Newsletter Update | July 2019

The Nutrition Coalition Update | July 29, 2019

  • Dietary Guidelines Using Non-Systematic Process, Won’t Be “Trustworthy,” Experts Warn

  • Guidelines Have Excluded Majority of Rigorous Trial Evidence for Decades

  • New Review Says No Evidence for Current Recs on Fish Oils, Sat Fats, and more

Guidelines ARE Using Non-Systematic METHODS--Won’t Be “Trustworthy,” Experts Warn

USDA officials directing the Guidelines stated earlier this year that their scientific reviews would follow the “GRADE” system for evaluation of the science, GRADE is considered one of the top systems in the world for producing reliable scientific reviews and guidelines. However, in a recent public comment to the USDA, GRADE co-founder, Dr. Gordon Guyatt, expressed strong concerns that the USDA’s decision to “modify” GRADE would lead to Guidelines that are “unlikely to be trustworthy.” A principal problem, wrote Guyatt, is that the USDA has no methodology to distinguish between high- and low-quality evidence; “This distinction between high- and low-quality evidence lies at the core of any rigorous evaluation of science and is at the heart of the GRADE methodology,” stated Guyatt. A Distinguished Professor in the Department of Health Research Methods at McMasters University, he urged the USDA not even to use the word GRADE, “because doing so would give the appearance of rigor where it did not exist.”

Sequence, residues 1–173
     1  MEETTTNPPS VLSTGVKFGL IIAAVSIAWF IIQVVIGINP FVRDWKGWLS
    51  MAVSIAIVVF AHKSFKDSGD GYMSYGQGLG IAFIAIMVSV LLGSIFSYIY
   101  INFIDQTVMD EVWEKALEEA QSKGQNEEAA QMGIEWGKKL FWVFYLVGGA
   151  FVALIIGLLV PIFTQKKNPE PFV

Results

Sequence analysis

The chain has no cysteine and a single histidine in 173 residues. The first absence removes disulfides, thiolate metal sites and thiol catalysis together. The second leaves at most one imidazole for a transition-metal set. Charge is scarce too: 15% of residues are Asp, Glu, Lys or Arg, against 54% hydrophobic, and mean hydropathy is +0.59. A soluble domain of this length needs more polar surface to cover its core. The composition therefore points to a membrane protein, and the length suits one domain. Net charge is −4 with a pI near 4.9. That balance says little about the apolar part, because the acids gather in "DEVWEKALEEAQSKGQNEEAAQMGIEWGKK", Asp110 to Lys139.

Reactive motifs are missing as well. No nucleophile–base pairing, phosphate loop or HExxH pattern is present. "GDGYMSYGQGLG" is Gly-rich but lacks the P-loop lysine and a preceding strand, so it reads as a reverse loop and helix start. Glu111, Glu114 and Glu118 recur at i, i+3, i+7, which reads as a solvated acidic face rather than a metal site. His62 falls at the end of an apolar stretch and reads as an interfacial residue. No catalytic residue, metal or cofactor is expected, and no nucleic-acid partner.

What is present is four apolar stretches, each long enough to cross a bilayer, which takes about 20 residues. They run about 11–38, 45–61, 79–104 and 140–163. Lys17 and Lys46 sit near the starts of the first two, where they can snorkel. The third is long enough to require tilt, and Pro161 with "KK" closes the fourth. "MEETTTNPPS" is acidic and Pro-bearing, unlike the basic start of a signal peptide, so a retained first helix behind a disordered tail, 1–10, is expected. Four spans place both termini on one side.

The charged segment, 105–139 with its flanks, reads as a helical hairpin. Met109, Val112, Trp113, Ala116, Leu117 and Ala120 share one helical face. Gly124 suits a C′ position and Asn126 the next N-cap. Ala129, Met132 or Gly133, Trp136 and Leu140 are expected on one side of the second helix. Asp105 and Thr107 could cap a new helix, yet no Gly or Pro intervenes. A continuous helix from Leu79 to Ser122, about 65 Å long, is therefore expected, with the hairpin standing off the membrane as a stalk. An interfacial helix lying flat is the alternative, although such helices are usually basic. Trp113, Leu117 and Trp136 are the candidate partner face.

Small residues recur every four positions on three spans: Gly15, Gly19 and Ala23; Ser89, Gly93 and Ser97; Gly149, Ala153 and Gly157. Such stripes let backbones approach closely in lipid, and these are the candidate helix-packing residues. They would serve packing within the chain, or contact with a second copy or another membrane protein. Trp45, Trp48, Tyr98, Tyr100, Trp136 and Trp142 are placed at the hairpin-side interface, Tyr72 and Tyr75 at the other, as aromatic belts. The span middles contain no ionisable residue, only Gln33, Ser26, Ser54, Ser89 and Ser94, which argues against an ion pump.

OTHER Serious Questions About USDA’s Science Reviews

Another recent public comment to USDA, by Dr. Bradley Johnston, director of an independent group of international researchers who are leaders in high quality systematic reviews of nutrition science, stated that the USDA’s “proposed methodology…deviate[s] significantly from basic scientific precepts in a number of important ways. Taken together, these deviations…from international standards for systematic review methodology will result in a non-systematic approach that would seriously undermine the reliability of these reviews.”